Told To Lower My Performance

Question to Ask the Workplace Doctors about taking business from coworkers: My business has tripled, while the other colleagues are losing business to a trickle.

I work with a half dozen women in the same position as me. Our business comes from sales associates in our industry who choose us to complete their transactions for their clients via an hour long meeting in which we present legal docs for explanation,signature, etc. When someone is out for sick days, vacation, etc., that person’s clients are assigned to another colleague.

The sales associates can choose whomever they want to use and over the past couple of years my following has grown immensely. After substituting for other colleagues, their clients are now requesting me to do their transactions. My business has tripled, while the other colleagues are losing business to a trickle. They have complained to our boss that it isn’t fair, so my boss told me to “lower my performance standard to the others’ levels so as not to outshine them” so they can get back some of their business! I have never been told to do this at a job and I am flabbergasted! What do I do, and more importantly, how does one lower performance standards when it goes against my work ethic?

Signed, High Performer

Dear High Performer:

It appears there is little management oversight of how the work is done, if other employees are performing so poorly they are losing out on business. On the other hand, perhaps sales associates are choosing you for reasons other than good quality work, or rejecting the others for reasons other than poor quality work. So, perhaps management needs to ensure work is distributed equitably, if that is the goal.The solution is certainly not just to have you start doing bad work so the sales associates don’t want you to work with them anymore! I think this is a matter that should be discussed in more detail with your manager and with more useful feedback from him.If it would work within your office culture, it would be best to have this in writing. But, if that would seem strange for the usual way of communicating, at least write and ask for the interview and state enough in that email that it makes your position clear. Something along the line of….. “I’ve thought about what we talked about last week, and honestly can’t see any way I can ethically start doing bad work so sales associates will take files away from me and give them to someone else.I don’t know what providing bad service and lowering my standards would look like in practice, and I don’t want to learn to work that way!It seems to me that the solution is for the others to provide higher levels of service and convince the sales associates that they can provide what is needed.I think this issue is a matter between the employees, you and the sales associates. I didn’t solicit the work, but we have no policy that says I must turn it down if offered. So, I have simply been doing what I was hired to do, in the best way possible. If you want to discuss this further, I’m willing to do so, but it seems to me I’m not the one who can provide the solution.”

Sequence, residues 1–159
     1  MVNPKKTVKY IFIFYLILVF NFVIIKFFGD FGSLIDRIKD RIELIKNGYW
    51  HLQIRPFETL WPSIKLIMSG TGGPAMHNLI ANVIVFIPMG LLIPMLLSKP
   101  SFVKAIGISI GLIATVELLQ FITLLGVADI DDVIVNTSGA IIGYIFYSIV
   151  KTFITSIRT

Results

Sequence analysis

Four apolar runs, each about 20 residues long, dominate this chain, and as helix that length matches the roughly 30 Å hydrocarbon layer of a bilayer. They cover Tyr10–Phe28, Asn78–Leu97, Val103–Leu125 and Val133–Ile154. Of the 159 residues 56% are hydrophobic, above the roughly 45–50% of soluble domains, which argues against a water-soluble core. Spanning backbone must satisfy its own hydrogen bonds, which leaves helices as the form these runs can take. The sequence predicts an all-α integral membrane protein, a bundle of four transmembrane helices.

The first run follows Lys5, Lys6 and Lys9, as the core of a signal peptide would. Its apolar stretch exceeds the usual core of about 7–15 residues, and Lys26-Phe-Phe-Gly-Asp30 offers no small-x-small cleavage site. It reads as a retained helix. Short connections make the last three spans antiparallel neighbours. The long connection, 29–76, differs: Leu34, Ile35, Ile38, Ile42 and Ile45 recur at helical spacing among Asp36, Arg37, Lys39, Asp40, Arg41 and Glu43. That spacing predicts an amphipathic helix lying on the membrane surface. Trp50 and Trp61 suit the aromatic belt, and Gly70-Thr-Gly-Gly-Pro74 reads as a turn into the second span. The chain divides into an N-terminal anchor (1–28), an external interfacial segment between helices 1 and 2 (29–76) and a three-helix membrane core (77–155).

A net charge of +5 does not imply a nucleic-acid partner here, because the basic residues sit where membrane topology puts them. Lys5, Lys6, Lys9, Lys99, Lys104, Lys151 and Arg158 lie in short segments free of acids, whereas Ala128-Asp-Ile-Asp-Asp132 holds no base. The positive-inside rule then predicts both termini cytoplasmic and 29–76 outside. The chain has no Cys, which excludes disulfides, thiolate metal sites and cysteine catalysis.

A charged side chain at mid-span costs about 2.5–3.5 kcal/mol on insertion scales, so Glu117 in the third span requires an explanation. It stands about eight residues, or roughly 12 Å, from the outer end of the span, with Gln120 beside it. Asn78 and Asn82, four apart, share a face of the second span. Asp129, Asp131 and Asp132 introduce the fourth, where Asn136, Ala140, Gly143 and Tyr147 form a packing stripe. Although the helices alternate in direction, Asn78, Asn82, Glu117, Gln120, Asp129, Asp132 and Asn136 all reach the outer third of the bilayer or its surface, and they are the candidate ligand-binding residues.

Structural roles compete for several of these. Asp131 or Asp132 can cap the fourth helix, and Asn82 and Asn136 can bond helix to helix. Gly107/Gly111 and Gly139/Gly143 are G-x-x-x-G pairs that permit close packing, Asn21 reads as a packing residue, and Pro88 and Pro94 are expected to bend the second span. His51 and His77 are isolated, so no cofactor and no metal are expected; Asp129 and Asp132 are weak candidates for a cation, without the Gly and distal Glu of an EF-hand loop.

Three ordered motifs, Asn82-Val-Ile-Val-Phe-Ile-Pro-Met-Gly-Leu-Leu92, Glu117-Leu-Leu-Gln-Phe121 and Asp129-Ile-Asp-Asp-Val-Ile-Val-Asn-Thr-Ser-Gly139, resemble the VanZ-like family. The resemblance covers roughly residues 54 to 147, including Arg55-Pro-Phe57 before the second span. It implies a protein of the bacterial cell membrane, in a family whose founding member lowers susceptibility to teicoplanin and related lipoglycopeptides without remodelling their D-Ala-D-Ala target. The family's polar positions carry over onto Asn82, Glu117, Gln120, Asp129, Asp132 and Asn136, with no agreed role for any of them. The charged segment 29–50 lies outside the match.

You would probably not write in that way, but that’s the general idea.Think about it this way: Is it likely you would be fired for doing good work? I don’t think those at levels higher than your manager would like that! So, really, there is no reason to take his suggestion seriously. He is likely just trying to relieve some of the pressure he’s feeling.Instead, perhaps you can suggest increased training for the others so they can get work too.

All I know for sure is that it would be ludicrous to ask you to give up money to make others happy, if they have had the same chances you have had to get clients. If that isn’t the case and you have received favored treatment, that is another matter. But, if you all started at the same level and you have excelled, I think there is little chance that your manager will really expect you to do less effective work and it would be worth going over his head about it, if he did.If he asks you to do that and he is serious about it, ask him if you can talk to someone higher to find out if there are better solutions. Or, go on your own. But don’t give up your reputation to keep others happy.Best wishes with this. If you have the time and wish to do so, let us know what happens.

Tina Lewis Rowe

Tina Lewis Rowe

Tina had a thirty-three year career in law enforcement, serving with the Denver Police Department from 1969-1994 and was the Presidential United States Marshal for Colorado from 1994-2002. She provides training to law enforcement organizations and private sector groups and does conference presentations related to leadership, workplace communications and customized topics. Her style is inspirational with humor.